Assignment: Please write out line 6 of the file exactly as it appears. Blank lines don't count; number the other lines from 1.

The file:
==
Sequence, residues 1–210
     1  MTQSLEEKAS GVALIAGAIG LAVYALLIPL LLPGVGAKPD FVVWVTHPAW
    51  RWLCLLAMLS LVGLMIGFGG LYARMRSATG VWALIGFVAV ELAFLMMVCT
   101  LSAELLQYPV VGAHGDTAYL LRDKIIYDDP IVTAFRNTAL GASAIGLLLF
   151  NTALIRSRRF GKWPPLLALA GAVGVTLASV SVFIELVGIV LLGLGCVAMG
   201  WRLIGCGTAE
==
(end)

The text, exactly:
   201  WRLIGCGTAE